Suppose the president of France were to visit Canada. Suppose he were of a party whose followers included supporters of Quebec’s secession from Canada. Suppose the purpose of the trip was, in part, to set to rest Canadian fears that the government of France was, at the very least, insufficiently supportive of the unity and integrity of Canada.
Now suppose, the French embassy put on an official dinner for the president. And suppose among those invited was Paul Rose (if he were still alive), the FLQ terrorist convicted in the murder of Pierre Laporte. Suppose, indeed, that he had appeared at an official event earlier in the trip, where he posed for photographs with smiling French cabinet members.
Finally, suppose the French president pranced around the country in a series of designer lumberjack jackets, and you have some sense of the catastrophe that has become of Justin Trudeau’s trip to India.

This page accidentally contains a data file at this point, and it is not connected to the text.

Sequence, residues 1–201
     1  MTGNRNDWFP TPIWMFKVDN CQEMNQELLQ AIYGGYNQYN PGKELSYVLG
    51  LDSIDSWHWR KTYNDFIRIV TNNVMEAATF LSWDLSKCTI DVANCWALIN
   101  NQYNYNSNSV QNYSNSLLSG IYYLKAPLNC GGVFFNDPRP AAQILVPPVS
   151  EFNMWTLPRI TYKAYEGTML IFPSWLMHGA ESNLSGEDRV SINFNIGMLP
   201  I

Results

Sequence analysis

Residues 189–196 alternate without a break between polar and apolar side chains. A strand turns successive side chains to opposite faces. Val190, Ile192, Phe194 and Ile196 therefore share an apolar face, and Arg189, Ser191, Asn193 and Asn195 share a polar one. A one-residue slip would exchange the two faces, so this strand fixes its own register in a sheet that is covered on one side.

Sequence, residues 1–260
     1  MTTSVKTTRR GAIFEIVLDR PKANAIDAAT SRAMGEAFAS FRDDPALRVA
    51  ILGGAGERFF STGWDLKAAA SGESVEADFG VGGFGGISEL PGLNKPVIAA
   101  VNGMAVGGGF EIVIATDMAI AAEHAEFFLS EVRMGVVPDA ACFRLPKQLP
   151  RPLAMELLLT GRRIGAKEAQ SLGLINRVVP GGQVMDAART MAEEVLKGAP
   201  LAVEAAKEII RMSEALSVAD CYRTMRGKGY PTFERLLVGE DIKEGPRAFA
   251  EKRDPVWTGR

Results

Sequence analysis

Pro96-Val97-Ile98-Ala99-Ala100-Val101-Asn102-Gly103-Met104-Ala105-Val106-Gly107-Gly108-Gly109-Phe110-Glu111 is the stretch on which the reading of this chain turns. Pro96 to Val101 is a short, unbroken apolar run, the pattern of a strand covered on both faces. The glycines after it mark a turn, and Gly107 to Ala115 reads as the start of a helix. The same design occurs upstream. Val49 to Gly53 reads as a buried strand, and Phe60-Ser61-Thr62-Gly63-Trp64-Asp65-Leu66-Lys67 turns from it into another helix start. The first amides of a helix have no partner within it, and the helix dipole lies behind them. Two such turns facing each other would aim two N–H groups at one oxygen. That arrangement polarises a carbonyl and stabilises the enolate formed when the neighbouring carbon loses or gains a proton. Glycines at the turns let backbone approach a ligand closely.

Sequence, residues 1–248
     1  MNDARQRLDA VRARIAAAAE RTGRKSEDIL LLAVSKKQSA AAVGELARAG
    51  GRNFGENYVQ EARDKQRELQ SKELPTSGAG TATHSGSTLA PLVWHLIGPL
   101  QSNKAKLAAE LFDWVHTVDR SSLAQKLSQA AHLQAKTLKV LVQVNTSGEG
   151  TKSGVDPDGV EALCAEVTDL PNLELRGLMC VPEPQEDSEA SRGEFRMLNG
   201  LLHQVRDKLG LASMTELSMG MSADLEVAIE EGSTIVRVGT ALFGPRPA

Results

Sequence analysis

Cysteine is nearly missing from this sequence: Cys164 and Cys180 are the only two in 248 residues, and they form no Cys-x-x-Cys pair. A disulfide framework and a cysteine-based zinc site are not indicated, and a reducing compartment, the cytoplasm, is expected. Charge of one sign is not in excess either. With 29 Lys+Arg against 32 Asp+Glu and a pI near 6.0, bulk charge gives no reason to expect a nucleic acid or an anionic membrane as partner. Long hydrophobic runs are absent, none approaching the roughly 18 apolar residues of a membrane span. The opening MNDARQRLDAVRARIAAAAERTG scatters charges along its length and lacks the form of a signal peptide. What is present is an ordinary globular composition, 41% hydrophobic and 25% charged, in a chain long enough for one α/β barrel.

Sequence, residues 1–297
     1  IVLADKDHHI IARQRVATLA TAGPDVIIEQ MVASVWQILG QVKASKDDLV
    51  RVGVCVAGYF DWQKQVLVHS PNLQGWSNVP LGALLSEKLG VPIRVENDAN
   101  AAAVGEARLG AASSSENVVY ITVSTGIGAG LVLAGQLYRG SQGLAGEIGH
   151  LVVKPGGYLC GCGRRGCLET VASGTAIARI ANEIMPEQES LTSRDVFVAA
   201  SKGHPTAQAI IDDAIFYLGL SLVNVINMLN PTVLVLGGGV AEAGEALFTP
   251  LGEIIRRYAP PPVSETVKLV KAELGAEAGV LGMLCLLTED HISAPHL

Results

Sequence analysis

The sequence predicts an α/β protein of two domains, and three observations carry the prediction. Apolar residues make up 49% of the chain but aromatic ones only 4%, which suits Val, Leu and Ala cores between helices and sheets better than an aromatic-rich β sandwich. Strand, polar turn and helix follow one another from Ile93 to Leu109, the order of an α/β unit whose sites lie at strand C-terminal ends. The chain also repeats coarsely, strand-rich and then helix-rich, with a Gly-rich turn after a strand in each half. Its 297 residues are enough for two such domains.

Actually, the analogy is incomplete. To really capture the enormity of the Trudeau government having been caught consorting with Jaspal Atwal, a former member of a banned Sikh terrorist group convicted in the 1986 attempted murder of a visiting Indian cabinet minister in Vancouver, you’d have to suppose Rose were not a resident of Canada but of France, and that, notwithstanding his record as a terrorist, he was welcomed as an active member of the president’s party.
That begins to put this affair in its proper context. It isn’t that Atwal suddenly popped up among the prime minister’s retinue, uninvited, with no prior history of involvement with the federal Liberals. It’s that he was invited, and that he was invited precisely because of his connections with the party.